Leo Tindemans, former prime minister of Belgium and an architect of the European Union, in 2001
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Leo Tindemans’ Report on the European Union in 1975 was instrumental in shaping the course of the continent's integration. It also gave the Belgian statesman, who has died at the age of 92, the lasting sobriquet, “Mr Europe”.

Yet in old age Tindemans was dismayed by what he saw as the EU’s fateful lurch back to intergovernmentalism, and in his own country to the divisions he had fought to overcome as prime minister from 1974-78.

Son of an Antwerp diesel mechanic, his roots were Flemish and Roman Catholic; for years he remained mayor of the town of Edegem, where he was living when he died. Born in 1922 and a refugee in France at 18 to avoid transportation to Nazi Germany, he had an early baptism in international relations when he witnessed the British retreat at Dunkirk. He studied economics at Antwerp and Ghent and, after a brief period as a functionary in the agriculture ministry, in 1958 became secretary-general of the Flemish Christian Democrats (CVP).

The position allowed him to forge international connections, notably in France, Germany and Italy. He also came to know Jean Monnet, the man usually credited with bringing the European Community to fruition.

Tindemans became a Belgian MP but took time out to study at Harvard in 1963, where a life-long friendship with Henry Kissinger began, along with a recognition that it was not necessary to belong to a superpower to make a significant contribution to world politics. “At Harvard,” a political associate put it, “the heavy Flemish earth fell off his shoes.”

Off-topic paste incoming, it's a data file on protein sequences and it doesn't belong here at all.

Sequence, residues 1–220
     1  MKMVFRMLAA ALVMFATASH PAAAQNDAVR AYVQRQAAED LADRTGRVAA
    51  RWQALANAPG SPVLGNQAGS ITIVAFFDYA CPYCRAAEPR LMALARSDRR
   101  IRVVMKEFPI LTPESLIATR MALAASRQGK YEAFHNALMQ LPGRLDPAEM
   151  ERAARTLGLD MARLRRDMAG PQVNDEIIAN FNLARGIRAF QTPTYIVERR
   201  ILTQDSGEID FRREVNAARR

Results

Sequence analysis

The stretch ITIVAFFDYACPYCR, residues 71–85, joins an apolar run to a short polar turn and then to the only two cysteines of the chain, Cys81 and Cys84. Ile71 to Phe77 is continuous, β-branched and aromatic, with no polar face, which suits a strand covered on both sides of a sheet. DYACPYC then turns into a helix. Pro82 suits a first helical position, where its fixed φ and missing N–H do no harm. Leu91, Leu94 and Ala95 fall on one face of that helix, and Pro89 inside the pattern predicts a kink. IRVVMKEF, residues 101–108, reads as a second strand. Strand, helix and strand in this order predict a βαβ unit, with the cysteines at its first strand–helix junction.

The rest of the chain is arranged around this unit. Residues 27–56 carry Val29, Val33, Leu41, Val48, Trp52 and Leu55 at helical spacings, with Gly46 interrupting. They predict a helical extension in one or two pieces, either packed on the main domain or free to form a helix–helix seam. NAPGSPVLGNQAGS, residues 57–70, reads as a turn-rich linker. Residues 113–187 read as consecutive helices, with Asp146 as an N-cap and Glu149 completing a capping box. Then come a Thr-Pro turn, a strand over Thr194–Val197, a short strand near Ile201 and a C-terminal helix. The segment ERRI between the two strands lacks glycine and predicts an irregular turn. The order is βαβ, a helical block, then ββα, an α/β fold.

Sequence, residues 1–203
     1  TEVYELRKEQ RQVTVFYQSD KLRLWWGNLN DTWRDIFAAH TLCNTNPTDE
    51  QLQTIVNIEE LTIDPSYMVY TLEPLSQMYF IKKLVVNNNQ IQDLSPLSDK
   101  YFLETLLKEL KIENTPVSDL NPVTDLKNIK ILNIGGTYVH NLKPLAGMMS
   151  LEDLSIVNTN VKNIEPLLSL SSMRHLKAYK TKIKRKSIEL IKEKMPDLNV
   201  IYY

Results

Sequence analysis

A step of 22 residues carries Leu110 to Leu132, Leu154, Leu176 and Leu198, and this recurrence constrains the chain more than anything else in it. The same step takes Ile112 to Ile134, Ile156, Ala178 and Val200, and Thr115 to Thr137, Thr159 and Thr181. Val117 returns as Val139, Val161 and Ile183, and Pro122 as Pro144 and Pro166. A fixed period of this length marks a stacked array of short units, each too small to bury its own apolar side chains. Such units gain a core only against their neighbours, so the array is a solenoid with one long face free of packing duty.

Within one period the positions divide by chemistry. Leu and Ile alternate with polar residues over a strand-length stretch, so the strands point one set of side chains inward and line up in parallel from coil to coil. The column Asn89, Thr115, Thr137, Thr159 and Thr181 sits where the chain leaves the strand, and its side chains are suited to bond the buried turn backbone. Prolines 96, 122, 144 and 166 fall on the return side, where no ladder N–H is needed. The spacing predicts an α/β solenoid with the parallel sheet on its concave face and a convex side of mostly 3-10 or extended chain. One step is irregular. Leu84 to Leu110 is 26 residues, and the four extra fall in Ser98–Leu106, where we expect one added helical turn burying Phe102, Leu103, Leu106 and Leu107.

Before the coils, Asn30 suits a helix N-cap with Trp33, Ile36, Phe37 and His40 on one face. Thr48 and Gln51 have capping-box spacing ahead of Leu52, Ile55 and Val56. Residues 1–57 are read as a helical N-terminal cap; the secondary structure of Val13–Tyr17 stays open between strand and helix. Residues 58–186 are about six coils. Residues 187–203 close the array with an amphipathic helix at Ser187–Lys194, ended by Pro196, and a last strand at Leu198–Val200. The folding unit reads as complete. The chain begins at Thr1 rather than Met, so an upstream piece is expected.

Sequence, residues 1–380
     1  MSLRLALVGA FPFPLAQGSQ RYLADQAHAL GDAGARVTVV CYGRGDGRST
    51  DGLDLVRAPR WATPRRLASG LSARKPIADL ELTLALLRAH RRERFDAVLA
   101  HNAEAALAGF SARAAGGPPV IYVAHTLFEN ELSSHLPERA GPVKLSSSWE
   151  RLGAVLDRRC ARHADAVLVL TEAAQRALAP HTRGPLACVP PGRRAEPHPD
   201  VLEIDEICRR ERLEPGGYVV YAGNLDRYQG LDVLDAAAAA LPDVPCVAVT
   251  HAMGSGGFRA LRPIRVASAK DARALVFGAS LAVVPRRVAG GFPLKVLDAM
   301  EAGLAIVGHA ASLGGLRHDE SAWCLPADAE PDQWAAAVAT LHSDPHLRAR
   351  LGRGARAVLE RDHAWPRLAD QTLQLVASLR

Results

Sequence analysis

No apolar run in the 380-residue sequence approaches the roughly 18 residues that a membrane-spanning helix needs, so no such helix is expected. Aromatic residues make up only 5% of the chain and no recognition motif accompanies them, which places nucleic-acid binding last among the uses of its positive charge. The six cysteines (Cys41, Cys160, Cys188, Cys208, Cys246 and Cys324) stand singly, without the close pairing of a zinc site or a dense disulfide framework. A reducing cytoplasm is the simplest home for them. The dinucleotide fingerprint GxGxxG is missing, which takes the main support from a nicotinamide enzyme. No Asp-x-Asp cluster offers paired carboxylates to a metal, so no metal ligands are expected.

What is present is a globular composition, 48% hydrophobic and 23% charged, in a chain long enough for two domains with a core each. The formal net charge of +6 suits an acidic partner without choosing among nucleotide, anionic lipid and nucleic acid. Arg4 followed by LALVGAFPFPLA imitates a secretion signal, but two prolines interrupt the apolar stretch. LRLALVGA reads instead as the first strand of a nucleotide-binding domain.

By 1968, he was a minister with a growing reputation as an honest broker. Charged with preparing reforms that would grant cultural autonomy to Belgium's linguistic communities, he patiently steered a course between the francophone Walloons and the Flemish who were economically the rising force.

For him, what was then known as the “European Project” appeared the only workable solution to the continent’s blood-soaked history, for which Belgium had often been the killing field. Yet another attraction of uniting Europe was also that it subsumed the intractable quarrels, and relative weakness, of his own country.

Tindemans was named Belgium’s deputy prime minister and budget minister in 1973. After early elections the following year, he led a coalition government with the Liberals. With the backing of 155 MPs in the 212-strong parliament, Tindemans then set about reaching agreement on his ambitious constitutional reforms. There was plenty else to occupy him, not least the beginning of the 1970s oil shock, about which he presciently remarked: “This is not a thunderstorm. It is a climatic change.”

But Tindemans’ passion was now Europe. In 1974 an EEC summit in Paris charged Tindemans — at the suggestion of Britain’s Harold Wilson — with defining “an integral concept of European Union”.

His report the following year was a practical programme of steps, that above all reinforced existing institutions including the executive, in the form of the European Commission.

Leo Tindemans of Belgium, Helmut Schmidt of West Germany, Gaston Thorn of Luxembourg, Harold Wilson of the UK, Aldo Moro of Italy, Valéry Giscard d'Estaing of France, Liam Cosgrave of Ireland and Johannes Den Uyl of the Netherlands, at a Common Market heads of government meeting at the Elysée Palace in Paris in 1974

The recommended method was to develop consensus among member states and avoid any dramatic rewriting of treaties. But the goal was ambitious: a “People’s Europe” centred on the idea of a European cultural, economic and monetary union, a central bank and a common foreign and security policy.